IT in Manufacturing


Digital twin allows process simulations

December 2019 IT in Manufacturing

The high-tech company Grenzebach’s portfolio includes the simulation of material flow in complex plants in the glass industry, which it achieves using Siemens simulation solutions. Together, the two companies have developed the most recent product from Grenzebach, the tin-air speed stacker, a machine for stacking all types of glass sheet. This expertise has produced a Siemens digital twin that allows all the functions and permutations of the stacker to be simulated, while simultaneously developing the initial motion control program to provide an optimum starting point for virtual commissioning. By running what were previously sequential development steps in parallel, it was possible to reduce both development times and costs significantly.

The stacker is a three-axis system that can selectively pick up glass sheets, from the tin side or the air side, and place them vertically on a glass rack – up to 20 times a minute. This represents a 30 percent improvement in stacking performance and makes the tin-air speed stacker the most powerful of its type. The motion control is provided by a Simotion D445 system with the Handling Advanced universal library, as well as Sinamics S120 modular converters and Simotics S servomotors. Grenzebach was venturing into completely new ground with this development. “In order to get to grips with the potential singularities of the kinematics, which were similar to those found in articulated robots, we decided to build a digital twin for the first time,” explains Roland Jenning, head of Innovation at Grenzebach.

Erring on the side of caution

The digital twin was produced using the NX Mechatronics Designer from Siemens PLM Software. The initial motion control programs were created at the same time as the digital twin, which reduced the development time and time-to-market significantly. To make the simulation of the programmed movements in the digital twin as close to reality as possible, Grenzebach chose a ‘hardware in the loop’ design in which the control is connected to the kinematic modal in NX via a Simit simulation unit. The program is then tested using the Simotion Scout engineering system: Simit picks up errors and highlights weak points. This allows processes to be optimised long before the first actual commissioning. However, this is not the end of the digital twin’s usefulness. Future modifications to the plant or changes to the product can be played out virtually in advance and checked for errors without disrupting operations.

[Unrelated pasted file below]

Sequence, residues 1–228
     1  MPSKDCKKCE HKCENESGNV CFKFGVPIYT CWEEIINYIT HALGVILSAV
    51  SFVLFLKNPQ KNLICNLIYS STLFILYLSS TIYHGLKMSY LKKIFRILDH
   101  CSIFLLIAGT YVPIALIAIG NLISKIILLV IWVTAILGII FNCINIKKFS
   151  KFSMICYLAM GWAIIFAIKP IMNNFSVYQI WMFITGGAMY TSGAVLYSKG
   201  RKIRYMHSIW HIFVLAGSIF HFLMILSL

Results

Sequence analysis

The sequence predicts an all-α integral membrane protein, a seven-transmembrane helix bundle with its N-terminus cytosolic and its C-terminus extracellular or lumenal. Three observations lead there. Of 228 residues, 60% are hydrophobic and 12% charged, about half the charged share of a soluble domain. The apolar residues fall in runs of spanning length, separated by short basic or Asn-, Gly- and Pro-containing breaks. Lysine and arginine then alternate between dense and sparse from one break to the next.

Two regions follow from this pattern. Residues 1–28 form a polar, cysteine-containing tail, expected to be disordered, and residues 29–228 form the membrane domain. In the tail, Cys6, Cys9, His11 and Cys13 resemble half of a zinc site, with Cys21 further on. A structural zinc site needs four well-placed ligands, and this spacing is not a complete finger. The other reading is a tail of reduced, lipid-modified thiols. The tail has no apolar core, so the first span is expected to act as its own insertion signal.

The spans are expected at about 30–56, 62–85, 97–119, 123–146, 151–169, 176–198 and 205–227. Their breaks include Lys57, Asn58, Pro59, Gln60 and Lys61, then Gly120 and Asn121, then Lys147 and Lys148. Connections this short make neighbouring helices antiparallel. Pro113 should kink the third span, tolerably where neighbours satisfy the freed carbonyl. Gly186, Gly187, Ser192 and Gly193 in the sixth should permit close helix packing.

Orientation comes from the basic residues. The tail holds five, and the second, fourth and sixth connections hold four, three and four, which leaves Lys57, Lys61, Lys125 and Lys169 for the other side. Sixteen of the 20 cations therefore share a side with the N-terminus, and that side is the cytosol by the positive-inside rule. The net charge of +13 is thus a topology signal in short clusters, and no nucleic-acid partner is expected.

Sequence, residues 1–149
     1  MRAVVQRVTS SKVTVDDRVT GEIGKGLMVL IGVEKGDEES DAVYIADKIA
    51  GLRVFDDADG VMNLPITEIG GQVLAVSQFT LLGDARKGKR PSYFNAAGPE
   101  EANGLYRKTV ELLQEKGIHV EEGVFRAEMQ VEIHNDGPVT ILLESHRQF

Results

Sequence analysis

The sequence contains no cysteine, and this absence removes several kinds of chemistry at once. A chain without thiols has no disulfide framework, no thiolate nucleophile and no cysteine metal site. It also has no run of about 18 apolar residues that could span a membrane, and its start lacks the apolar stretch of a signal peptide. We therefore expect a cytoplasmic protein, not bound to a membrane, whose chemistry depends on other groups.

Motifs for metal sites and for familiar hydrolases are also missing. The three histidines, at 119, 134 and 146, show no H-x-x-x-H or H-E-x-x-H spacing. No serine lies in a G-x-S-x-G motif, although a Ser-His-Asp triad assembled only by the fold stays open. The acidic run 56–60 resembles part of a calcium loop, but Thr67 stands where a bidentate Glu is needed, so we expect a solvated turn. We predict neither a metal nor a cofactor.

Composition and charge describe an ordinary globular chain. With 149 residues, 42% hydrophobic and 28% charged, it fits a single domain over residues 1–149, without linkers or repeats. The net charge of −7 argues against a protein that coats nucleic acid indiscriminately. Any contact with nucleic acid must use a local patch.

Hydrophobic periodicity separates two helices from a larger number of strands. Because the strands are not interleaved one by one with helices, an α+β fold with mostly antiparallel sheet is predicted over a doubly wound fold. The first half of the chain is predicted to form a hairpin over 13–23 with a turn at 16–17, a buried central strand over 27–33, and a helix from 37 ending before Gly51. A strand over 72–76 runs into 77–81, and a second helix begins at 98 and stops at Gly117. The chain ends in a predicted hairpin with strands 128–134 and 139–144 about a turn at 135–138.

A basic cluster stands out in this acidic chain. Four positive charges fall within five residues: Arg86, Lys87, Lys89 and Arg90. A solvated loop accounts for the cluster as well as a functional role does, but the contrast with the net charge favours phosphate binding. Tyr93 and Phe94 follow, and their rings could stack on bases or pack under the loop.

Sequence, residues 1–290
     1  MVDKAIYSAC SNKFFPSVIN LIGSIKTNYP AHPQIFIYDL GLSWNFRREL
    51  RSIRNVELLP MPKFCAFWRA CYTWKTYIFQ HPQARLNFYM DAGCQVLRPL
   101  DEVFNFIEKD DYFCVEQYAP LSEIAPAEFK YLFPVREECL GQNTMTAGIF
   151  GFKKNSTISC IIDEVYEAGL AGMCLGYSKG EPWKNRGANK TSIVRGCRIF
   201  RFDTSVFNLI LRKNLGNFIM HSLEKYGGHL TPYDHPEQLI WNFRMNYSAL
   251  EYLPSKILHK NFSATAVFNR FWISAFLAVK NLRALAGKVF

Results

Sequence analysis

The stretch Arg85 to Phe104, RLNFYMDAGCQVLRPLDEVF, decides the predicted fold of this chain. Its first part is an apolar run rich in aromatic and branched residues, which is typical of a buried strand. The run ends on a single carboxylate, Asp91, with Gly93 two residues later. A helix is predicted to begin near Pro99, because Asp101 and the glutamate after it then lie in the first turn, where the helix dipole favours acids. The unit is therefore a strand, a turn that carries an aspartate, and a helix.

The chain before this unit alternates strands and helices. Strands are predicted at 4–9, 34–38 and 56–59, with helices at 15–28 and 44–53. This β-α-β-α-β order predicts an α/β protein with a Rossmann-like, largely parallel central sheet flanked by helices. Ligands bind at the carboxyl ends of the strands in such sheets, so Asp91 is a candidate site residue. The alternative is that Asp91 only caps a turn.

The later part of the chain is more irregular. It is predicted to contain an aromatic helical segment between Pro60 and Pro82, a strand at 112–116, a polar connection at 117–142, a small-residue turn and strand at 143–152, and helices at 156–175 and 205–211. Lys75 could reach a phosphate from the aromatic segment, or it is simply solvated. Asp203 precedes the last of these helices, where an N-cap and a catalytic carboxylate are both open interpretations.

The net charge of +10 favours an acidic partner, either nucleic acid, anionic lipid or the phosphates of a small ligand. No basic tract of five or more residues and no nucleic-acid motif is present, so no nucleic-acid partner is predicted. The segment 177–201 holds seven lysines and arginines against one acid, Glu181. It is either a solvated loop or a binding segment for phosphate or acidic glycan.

For more information contact Jennifer Naidoo, Siemens Digital Industries, +27 11 652 2795, jennifer.naidoo@siemens.com, www.siemens.co.za


Credit(s)



Share this article:
Share via emailShare via LinkedInPrint this page

Further reading:

5G – the wireless network of the future
December 2019, Siemens Digital Industries , Industrial Wireless
Mobile wireless network standards, starting with 1G, have been shaping our mobile communication for years. While previous developments have focused on improved usability in the public sector, the new ...

Read more...
Game-changing digital solutions for mines
December 2019, SKF South Africa , IT in Manufacturing
With digitalisation creeping into the mining industry and transforming day-to-day operations, this sector is enhancing its Industry 4.0 operation and process compliancy. As a preferred supplier of premium ...

Read more...
Protect critical infrastructure and manufacturing plants
December 2019 , IT in Manufacturing
As manufacturers around the world analyse and embrace the importance of being more connected to the IIoT, cybersecurity experts caution that the benefits of being interconnected come with a warning, and ...

Read more...
Extending analytics to EAM and operations users
December 2019 , IT in Manufacturing
Today’s manufacturing operations and maintenance teams generate vast amounts of data in all forms.

Read more...
AI in manufacturing – revolutionary opportunity or well-trodden path?
December 2019, Absolute Perspectives , IT in Manufacturing
Artificial Intelligence (AI) has become a catchphrase used by marketers that attributes the characteristics of human intelligence to a computer system.

Read more...
Space chair automation
December 2019, Siemens Digital Industries , Motion Control & Drives
The Euro Space Centre adventure park in Transinne in Belgium is home to a number of different simulators, including the original NASA multi-axis chair dating back to the 1960s which was used to familiarise ...

Read more...
Blockchain technology in the food and beverage industry
December 2019, Schneider Electric South Africa , IT in Manufacturing
Advances in blockchain technology could enable the food and beverage industry (F&B) to enhance traceability. In the US alone, food recalls and food-borne illnesses cost some $77 billion per annum, including ...

Read more...
Navigate the fourth industrial revolution with PricewaterhouseCoopers
November 2019 , IT in Manufacturing
Using the building blocks of 4IR to transform business processes into manufacturing advantages requires a holistic approach.

Read more...
Artificial intelligence in manufacturing – a practical and simplified view
November 2019, Altron Bytes Systems Integration , IT in Manufacturing
Looking at and interpreting data generated during the manufacturing process to find ways to reduce waste, improve quality and increase yield is not new. However, the increased use of digital technologies ...

Read more...
Intelligent data glasses support production
November 2019, Siemens Digital Industries , IT in Manufacturing
Augmented Reality (AR) has arrived in the workplace: for the last three years, a consortium of six companies and institutions chaired by Siemens has been researching the use of augmented reality (AR) ...

Read more...